Bowling Green Drug Rehabilitation
Bowling Green is the third largest city in Kentucky with a population of 60 thousand and a metropolitan population of 162 thousand. It is home to several large manufacturers including General motors and Fruit of the Loom and was the inspiration for the 1967 Everly Brothers song “Bowling Green”.
In 1778, settlers had establish McFadden’s Station on the north bank of the Barren River and then in 1794 the Moore brother, George Moore and Robert Moore, arrived from Virginia and erected homesteads that present day Bowling Green would grow from. Two years later Robert Moore donated 2 acres of land to county trustees so that they could construct public buildings, shortly after that he donated another 30 acres surround the original 2 acres. The city of Bowling Green was officially incorporated in March of 1798 by the state of Kentucky.
There are two stories as to how the city got its name. The first county commissioners meeting in 1798 named the town “Bolin Green” after the Bowling Green in New York City which is where patriots had pulled down a statue of King George III and used the lead in it to make bullets during the American Revolution. Some historians however believe that it was named after Bowling Green, Virginia, or a personal “ball alley game” of Robert Moore’s. Early records indicate that the city name was also originally spelled “Bowlingreen”.
Despite the inference from the name there are no present day or historical account of lawn bowling facilities or sporting leagues.
Local Drug Move by Cartels Coming into Kentucky:
A recent police seizure of more than 40 pounds of crystal meth in Kentucky has revealed an alarming situation. Mexican drug cartels are flooding the market here with a highly potent meth that is more pure than the meth produced locally. This new influx of high potency meth has caused addicts in the area so seek it out at enormous rates.
The meth is mostly made in cartel controlled super labs that are located either in the Western US or in Mexico and are considered to be a contributing factor in the growth of statewide meth overdose deaths.
Drug task force investigators in Bowling Green seized 1 lb 6 oz of crystal meth just on Feb. 13, which was the largest single crystal meth seizure in the 18 year history of the task force. Then on Feb. 24 drug investigators in Allensville seized 20 lbs of meth, followed by the Kentucky State Police DESI West investigation on Mar. 7 that lead to another seizure of 23 lbs in Central City.
Lt. Greg Jones of the state police DESI West unit in Bowling Green spoke about the situation saying:
“You are talking about major drug organizations behind these seizures recently. That’s a huge amount of this stuff, it’s very uncommon that you get that much poundage and weight of crystal meth.”
Even one pound is considered to be a very large amount in a seizure, so a combined total of over 44 lbs in the space of a month is as much a victory as it is a warning of just how much meth is being imported into the state. Quantities this high in Kentucky is unheard of and is acting as a real eye opener for local authorities who are now on the lookout for meth labs, dealers and addicts so that they can halt this surge before it gets too far out of hand to take control of.
Heroin and Alcohol Related Legislation in the Hands of General Assembly:
Very few states have as hard a time with heroin as Kentucky. Over the last 15 years heroin abuse has grown dramatically throughout the entire state. During the 2015 Regular Session of the Kentucky General Assembly the House and Senate members have been going over what is hoped to be a new groundbreaking law in the area.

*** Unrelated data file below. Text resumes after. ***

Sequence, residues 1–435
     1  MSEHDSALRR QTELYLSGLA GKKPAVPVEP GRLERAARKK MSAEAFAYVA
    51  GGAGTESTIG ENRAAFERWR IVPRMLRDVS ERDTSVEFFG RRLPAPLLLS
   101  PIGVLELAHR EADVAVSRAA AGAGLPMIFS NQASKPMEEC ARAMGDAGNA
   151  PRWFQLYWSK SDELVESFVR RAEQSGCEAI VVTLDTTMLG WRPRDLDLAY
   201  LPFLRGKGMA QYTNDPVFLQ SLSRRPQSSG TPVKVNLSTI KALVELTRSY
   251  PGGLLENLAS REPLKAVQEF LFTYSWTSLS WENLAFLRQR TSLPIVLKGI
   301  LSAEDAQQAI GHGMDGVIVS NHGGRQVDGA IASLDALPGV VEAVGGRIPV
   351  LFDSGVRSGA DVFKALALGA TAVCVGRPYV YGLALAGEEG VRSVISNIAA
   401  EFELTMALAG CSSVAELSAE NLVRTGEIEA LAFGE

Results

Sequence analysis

The law will address drug importers by proposing much harsher penalties for those who bring heroin into Kentucky while also expanding the treatment options available for people who are addicted to heroin and other drugs. The state has learnt from its past and is aware that incarceration of nonviolent drug offenders is not solving the problem, which is why it is instead turning the punishment on the ones who seek to profit off others addiction by bringing in a flood of drugs into the state and offering instead help for the people suffering through addiction.
Legislation is also nearing agreement on a law that would expand the use of ignition interlocks for DUI offenders. This program would work with hardship licenses which are given to people who would normally have their license taken away from them but who need it for certain occasions like a doctor’s appointment, work or school. The ignition interlocks get wired into the ignition system and prevent the car from starting without a pass on a breathalyzer test to prove that the person does not have an unacceptable blood alcohol level.
Both of these pieces of legislation will help Kentucky fight back against the unnecessary death brought on by drugs and alcohol. As the state works more towards stopping the source of its problems as well as handling the problems that are already there, a new line of hope for the state is beginning to emerge.
Bowling Green Drug Rehab:
There are over a dozen treatment center options in Bowling Green for people who are looking for rehabilitation for themselves or for a family member, friend or coworker.
If you are looking for treatment for yourself, the important thing to remember is that you need to act soon. Being able to admit you need help is a great first step and it is vital that you don’t stop there but continue on to actually getting the help you need to come off of drugs or alcohol. When helping a friend, family member or coworker through their addiction it may be difficult to get them to see that they need help, but by persisting you will eventually reach them and they can begin their recovery.
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